John Quinn's Learning Story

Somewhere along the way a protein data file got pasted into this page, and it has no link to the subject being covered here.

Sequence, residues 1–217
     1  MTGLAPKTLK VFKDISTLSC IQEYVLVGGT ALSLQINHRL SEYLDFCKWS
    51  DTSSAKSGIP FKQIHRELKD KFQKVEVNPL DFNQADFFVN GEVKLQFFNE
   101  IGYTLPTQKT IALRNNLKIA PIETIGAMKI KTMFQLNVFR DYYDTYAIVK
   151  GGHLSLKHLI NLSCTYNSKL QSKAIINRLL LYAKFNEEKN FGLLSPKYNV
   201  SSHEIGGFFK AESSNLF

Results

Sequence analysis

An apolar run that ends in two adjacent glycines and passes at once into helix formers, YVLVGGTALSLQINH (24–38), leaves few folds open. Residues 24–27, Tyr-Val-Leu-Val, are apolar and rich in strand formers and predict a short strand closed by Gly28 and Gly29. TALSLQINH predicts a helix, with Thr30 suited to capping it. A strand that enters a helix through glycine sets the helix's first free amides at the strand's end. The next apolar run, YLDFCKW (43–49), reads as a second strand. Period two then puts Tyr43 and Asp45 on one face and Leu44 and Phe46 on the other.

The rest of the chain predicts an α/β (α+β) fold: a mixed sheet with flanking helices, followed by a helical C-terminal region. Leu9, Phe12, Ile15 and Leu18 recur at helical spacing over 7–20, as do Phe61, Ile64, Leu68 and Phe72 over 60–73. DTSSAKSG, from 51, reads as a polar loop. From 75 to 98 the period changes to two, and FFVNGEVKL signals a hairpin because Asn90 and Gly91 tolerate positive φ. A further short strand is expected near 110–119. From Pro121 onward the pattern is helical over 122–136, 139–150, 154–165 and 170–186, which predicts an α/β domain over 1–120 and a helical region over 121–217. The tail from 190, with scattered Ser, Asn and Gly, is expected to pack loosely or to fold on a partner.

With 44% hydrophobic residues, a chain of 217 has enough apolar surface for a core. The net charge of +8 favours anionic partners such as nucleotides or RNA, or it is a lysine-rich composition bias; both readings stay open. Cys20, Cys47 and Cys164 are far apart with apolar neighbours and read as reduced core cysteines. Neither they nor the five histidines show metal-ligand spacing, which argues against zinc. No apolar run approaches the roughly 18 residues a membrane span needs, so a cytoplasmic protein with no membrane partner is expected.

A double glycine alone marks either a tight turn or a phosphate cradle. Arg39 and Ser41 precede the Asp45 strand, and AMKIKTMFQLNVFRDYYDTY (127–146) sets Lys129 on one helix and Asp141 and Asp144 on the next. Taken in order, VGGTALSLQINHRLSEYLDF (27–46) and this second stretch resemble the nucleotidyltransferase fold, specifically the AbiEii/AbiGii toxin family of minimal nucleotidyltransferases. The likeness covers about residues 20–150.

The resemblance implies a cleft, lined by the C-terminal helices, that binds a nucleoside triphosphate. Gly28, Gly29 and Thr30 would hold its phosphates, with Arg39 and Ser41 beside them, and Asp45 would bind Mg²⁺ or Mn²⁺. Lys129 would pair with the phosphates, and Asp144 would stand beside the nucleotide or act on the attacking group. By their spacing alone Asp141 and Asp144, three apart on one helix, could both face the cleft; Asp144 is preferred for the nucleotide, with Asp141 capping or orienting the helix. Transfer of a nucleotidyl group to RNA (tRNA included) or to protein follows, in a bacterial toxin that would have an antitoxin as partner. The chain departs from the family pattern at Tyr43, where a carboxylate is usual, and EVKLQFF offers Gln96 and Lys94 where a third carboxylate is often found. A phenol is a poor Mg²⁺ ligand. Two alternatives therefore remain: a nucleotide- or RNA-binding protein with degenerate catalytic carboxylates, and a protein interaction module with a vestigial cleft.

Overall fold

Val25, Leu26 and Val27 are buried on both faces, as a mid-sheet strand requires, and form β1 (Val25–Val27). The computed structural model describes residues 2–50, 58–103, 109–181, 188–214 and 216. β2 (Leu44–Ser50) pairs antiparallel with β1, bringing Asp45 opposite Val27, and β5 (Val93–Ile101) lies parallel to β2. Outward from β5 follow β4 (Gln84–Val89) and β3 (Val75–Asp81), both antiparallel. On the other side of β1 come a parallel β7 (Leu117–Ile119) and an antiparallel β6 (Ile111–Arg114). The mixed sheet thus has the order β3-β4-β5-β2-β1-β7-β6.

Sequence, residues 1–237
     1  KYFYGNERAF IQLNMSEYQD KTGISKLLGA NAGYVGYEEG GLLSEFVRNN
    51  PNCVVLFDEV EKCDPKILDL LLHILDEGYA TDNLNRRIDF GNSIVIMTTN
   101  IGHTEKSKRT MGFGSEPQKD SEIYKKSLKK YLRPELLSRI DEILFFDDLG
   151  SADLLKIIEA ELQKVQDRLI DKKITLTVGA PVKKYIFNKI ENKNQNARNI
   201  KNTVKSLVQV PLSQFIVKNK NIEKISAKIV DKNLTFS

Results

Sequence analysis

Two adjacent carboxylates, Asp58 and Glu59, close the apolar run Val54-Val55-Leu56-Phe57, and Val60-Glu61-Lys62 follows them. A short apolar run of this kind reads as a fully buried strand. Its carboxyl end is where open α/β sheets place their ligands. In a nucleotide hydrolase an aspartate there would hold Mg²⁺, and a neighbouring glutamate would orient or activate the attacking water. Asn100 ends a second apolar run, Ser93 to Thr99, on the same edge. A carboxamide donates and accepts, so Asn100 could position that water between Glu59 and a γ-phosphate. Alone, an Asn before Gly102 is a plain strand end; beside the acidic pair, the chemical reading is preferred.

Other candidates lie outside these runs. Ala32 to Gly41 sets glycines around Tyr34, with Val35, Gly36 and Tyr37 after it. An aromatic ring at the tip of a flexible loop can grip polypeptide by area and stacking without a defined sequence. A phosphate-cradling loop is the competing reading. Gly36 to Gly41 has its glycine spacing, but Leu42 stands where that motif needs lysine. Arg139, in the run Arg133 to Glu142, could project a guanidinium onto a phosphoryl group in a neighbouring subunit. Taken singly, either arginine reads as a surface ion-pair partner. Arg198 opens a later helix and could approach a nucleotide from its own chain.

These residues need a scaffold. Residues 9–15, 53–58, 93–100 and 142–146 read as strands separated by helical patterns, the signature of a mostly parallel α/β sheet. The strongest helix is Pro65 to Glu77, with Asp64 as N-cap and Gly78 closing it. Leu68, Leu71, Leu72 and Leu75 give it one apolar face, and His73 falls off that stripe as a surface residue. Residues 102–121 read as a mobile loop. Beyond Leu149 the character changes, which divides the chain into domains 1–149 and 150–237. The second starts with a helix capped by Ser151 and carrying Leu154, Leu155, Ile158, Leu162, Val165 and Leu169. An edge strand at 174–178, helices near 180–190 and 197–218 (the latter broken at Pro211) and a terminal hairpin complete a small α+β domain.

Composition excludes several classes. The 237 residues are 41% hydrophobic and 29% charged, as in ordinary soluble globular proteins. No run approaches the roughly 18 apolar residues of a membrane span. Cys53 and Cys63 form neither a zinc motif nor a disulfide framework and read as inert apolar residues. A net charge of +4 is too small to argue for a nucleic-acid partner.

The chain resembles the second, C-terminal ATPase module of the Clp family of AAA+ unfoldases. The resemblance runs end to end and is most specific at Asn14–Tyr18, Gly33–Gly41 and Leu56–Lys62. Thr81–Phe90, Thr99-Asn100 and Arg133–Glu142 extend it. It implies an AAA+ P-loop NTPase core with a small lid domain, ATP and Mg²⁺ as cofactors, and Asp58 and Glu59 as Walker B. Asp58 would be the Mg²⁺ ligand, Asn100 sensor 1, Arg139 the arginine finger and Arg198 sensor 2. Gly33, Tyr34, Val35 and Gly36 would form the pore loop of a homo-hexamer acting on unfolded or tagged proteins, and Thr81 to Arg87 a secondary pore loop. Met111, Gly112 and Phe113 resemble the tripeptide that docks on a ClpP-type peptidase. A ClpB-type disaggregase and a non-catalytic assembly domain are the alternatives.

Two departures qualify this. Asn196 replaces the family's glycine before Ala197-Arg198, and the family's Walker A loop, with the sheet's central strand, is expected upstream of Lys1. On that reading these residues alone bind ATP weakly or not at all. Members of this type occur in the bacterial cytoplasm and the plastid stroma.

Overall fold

This story is about learning and teaching and is about 65 years long. It starts when I was in 1st grade and after many varieties of living winds up back in school as a substitute teacher. The teaching experience in high school illuminates the range of student response to differing methods of teaching and makes me wonder. The fact that my elementary school teachers were nuns is not the point of my story, the students ‘ the kids ‘ are. We were a lower middle class to poor city bunch. If we were under-privileged, we couldn’t tell because there was nothing for comparison, we were all about the same. In school the teachers treated everyone the same. That is, they had courses to teach and they were going to do it. No quarter was given to anyone for any reason; they had expectations of us and we were to raise our efforts to meet those expectations. The whole school was an atmosphere of students trying to do what was expected, to meet the demands. We, the students, didn’t know anything different. This was the way life was and, so, we, for the most part, rose to the challenge because we saw no other happy choice. The pace was fast and the content thick and our ability to deal with it, digest it and add more grew stronger each day. We were expected to deliver daily excellence and meeting that expectation became a habit in the first eight years of school. That habit also came into play in our other activities, doing creative things, playing ball and games, competing at anything ‘ it was simply a habit to try to do one’s best. Meeting the quality of work expected was more difficult for some than others, but nearly everyone put in as much effort as he or she needed. Rather than getting psychologically bent from the pressure of expectation and the workload, we grew kind of proud of our successful accomplishments and the increasing ease with which we absorbed learning and rose above pressure. By the time we graduated 8th grade the habit of going for excellence was an inherent part of our operating method. So much so that we didn’t even notice it, much less analyze it. There were a few kids who had a bad enough time that they had to repeat a year but very, very few who quit and went to other schools. Those open, searching, curious kids’ minds love challenges! I didn’t become a teacher although I did a lot of teaching in other ways. The habit of trying to do things right came through in many instances in my life when there was something to be done and a vacuum of action that some one had to step into. It happened in student government in college, going to Officer Candidate School on the army, rising to manger of a business from clerk, and, then, to owner and multiple businesses, in community affairs. And now, too bored with ‘retirement’, I substitute teach in high school. I started writing a quote for the day on the board in the classroom and discussing it a little at the start of class. Now, if I forget to put one up, the kids ask where it is. I like that intelligent thoughts reach them and make them want to think. At first, I was a little surprised, but found that if I presented challenges to them, my expectations of them, they not only rose to it, but liked it. Last year I found a quote that goes to the core of the dynamic kind of education I had in my first eight years of school. Aristotle said, ‘We are what we repeatedly do. Excellence, therefore, is not an act, it is a habit.’ Now, back in school after so many years and experiences, I see that the kids aren’t failing in school. Their minds are as good as ours ever were and are easily capable of mastering and teaching me technology that leaves me spinning. I think the problem is that we don’t have high enough expectations of them and are afraid to present them with the challenge of more content of a higher grade at a faster pace from 1st grade on. It makes me think that we don’t have enough faith that kids can build the habit of excellence in spite of ‘disadvantaged’ environments or ‘privileged’ environments. I’m sure there are fine teachers who would love to teach students who want to achieve excellence. What a combination. I’ve thought that having a challenging ‘Academy’ within a grade school and high school for students to aspire to would be a challenge that would put them on the way to forming the ‘habit of excellence’ that will change their lives.